I can depend entirely on my peers, in which case my goodness, my striving to do well, and the sort of life I lead will be a reflection of them, and I’ll have to do everything to keep myself well-considered by them, receiving those whom they receive and excluding those whom they exclude, so as not to run the risk of finding myself the excluded one. Not only all these things, which might seem superficial, like the little games of hypocrisy which we all have to play to keep our social life going, but it is also the case, perhaps without my realising it, that all my “I” is nothing other than a construction forged by the difficult game of keeping my reputation. There is no other “I” at the bottom of it all, behind the “I” which I am acquiring through the little manipulations by which I search to keep my reputation. My “I” and my way of being related to the “other” are the same thing.
The other possibility is that I receive my “I” from God, and here’s the rub: God has an awful reputation. Which is nothing other than saying that God’s reputation and the reputation of the victim is the same thing. That is what Jesus was suggesting: in order to receive your reputation, your being noticed and recognised, by God, you have to be prepared to lose the reputation which comes from the mutually reinforcing opinion and high regard of those who are bulwarks of public morality and goodness, and find it among those who are held as nothing, of no worth. That is also what Paul says to the Corinthians:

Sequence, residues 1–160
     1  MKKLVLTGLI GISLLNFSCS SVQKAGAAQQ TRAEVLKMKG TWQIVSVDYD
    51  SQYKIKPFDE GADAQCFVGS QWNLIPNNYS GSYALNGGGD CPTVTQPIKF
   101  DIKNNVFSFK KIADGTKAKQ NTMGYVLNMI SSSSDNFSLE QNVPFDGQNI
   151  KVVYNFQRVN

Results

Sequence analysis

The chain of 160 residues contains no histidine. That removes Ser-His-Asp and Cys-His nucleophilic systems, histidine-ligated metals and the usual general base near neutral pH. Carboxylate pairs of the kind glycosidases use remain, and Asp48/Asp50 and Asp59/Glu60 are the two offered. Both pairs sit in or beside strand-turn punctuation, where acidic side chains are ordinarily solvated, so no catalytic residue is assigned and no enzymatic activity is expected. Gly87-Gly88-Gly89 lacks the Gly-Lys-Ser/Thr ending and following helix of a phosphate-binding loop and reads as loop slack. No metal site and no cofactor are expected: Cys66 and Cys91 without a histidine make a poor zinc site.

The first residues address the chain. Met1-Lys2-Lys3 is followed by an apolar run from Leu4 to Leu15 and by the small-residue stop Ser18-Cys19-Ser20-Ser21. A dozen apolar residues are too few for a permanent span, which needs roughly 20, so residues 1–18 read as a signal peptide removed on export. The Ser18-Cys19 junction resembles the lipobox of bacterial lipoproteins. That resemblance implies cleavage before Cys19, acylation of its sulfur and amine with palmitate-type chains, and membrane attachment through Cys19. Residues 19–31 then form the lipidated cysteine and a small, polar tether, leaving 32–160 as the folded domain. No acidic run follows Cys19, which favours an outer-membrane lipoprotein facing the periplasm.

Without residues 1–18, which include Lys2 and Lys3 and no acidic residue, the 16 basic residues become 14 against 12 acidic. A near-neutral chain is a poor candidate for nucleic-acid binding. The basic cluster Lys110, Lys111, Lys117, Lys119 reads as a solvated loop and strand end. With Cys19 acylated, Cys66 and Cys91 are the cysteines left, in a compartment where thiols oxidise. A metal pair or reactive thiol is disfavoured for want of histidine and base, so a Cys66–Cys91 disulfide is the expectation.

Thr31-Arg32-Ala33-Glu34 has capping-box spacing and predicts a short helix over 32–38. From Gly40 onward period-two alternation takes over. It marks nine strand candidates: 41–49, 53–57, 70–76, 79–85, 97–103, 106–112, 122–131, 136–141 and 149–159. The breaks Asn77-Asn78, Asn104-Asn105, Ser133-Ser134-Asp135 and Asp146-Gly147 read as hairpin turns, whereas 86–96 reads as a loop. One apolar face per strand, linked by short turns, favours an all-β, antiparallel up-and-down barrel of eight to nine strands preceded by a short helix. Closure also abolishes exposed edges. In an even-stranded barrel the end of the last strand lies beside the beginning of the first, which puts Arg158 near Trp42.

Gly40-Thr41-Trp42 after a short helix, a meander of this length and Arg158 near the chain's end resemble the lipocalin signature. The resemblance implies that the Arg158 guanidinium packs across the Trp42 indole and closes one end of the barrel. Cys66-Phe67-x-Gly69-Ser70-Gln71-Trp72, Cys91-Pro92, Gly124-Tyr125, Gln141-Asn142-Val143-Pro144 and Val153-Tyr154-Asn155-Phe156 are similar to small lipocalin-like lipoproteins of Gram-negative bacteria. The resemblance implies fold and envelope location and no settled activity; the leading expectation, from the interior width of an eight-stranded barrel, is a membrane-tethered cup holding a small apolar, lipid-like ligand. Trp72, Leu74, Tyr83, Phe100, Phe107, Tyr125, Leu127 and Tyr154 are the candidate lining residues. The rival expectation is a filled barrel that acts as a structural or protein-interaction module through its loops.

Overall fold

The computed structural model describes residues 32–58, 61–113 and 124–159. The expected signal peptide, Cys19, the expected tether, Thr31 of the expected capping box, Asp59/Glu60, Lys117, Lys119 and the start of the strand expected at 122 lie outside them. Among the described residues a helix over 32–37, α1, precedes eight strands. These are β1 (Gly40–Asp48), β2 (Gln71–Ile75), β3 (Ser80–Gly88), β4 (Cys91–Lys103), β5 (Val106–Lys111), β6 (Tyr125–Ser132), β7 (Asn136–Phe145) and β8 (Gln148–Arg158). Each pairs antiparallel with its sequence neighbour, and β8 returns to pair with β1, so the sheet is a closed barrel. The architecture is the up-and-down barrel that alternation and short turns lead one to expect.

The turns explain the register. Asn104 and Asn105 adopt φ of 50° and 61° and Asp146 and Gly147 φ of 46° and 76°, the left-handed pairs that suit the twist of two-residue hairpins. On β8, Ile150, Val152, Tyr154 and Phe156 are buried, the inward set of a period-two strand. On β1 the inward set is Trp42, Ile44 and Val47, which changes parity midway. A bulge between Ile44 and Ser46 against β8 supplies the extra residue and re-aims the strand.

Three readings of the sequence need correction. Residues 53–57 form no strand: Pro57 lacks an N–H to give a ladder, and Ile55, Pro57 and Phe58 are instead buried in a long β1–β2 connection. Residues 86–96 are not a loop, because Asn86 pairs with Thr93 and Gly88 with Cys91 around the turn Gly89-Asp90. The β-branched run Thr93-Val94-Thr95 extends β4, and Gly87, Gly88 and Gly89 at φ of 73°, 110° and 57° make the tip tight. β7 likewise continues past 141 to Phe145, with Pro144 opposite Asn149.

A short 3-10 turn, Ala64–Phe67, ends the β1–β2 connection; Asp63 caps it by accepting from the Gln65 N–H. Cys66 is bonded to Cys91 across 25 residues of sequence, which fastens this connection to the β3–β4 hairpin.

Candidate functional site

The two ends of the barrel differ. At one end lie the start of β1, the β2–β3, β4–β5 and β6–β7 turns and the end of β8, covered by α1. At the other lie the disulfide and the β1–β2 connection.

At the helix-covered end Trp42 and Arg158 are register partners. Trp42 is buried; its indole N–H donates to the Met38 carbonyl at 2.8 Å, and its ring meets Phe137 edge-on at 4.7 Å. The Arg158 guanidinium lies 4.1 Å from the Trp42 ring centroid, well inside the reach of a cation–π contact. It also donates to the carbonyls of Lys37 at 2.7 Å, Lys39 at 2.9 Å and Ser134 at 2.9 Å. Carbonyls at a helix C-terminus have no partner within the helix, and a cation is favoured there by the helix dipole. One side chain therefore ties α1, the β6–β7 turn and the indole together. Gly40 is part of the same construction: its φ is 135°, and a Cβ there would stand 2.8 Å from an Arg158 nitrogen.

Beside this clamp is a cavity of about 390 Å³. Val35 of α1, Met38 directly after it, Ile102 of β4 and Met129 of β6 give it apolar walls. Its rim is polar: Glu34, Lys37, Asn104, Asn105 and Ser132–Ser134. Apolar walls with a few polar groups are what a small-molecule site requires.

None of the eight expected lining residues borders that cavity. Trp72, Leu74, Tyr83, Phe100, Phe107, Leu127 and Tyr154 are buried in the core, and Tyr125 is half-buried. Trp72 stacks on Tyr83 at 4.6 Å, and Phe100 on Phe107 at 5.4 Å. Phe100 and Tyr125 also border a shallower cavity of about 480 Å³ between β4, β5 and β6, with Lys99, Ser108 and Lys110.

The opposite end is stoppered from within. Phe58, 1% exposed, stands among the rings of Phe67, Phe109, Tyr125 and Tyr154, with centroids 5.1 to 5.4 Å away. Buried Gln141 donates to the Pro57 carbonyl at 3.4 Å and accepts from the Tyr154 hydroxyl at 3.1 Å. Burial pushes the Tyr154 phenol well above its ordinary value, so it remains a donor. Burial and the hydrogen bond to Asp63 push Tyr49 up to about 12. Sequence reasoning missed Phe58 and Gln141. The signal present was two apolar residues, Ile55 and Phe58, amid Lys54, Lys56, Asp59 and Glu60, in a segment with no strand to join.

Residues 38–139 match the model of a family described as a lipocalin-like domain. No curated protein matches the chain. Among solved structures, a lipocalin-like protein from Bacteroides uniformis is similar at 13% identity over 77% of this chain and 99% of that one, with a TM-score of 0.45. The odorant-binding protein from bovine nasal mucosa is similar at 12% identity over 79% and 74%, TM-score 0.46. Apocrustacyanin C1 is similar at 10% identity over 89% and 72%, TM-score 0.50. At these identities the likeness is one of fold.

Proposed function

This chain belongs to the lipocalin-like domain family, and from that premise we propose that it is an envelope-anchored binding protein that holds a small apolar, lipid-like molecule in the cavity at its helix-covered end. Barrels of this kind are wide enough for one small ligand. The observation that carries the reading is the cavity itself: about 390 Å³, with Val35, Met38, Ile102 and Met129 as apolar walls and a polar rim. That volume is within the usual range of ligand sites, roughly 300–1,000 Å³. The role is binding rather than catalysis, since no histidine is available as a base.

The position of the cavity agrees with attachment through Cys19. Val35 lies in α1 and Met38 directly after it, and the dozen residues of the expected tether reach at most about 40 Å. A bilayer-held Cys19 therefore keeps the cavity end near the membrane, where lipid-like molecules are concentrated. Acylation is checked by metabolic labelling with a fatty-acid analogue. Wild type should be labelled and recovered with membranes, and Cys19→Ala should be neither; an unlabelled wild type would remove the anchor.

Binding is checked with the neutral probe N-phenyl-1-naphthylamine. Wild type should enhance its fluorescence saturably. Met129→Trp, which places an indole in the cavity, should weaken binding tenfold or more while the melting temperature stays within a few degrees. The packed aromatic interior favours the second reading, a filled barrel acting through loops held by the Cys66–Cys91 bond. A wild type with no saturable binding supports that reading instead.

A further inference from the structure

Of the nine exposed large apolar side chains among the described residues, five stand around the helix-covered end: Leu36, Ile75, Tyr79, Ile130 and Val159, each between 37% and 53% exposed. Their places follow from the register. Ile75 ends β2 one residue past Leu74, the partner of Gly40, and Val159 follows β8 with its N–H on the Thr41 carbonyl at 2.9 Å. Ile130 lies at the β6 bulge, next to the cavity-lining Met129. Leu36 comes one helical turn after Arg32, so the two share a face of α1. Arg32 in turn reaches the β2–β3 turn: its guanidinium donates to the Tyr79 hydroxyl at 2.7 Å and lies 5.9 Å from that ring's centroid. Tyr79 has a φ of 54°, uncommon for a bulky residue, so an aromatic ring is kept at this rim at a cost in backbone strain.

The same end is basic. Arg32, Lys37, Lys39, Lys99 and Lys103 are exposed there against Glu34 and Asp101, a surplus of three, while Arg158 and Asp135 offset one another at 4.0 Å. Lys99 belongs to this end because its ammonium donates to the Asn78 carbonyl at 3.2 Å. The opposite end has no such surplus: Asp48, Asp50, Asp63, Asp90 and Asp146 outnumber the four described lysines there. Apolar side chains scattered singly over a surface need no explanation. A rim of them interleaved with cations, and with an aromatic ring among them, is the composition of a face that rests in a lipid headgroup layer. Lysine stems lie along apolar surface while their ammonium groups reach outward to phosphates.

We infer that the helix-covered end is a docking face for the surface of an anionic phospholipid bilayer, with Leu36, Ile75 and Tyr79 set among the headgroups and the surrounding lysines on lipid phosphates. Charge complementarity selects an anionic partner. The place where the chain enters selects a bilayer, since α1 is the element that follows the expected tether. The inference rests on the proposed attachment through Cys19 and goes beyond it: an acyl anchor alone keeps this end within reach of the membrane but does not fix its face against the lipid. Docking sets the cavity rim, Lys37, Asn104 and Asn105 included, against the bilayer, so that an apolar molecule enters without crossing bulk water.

“God chose what is weak in this world to put to shame what is strong; God chose what is base and despised, even things that are not, to bring to nothing the things that are.“ (1 Cor 1:27-28)
‘Glory’ or reputation, and ‘shame’ appear throughout the apostolic witness, never very far from one another. In today’s Gospel from this Lukan parable of the wedding banquet, the one who sits in a higher position is put to shame, while the one who sits in a lowly place is publicly recognised by the host, who says:
“Friend, come higher” Thus will you receive glory in the face of the other guests. (cf Lk 14:8-11)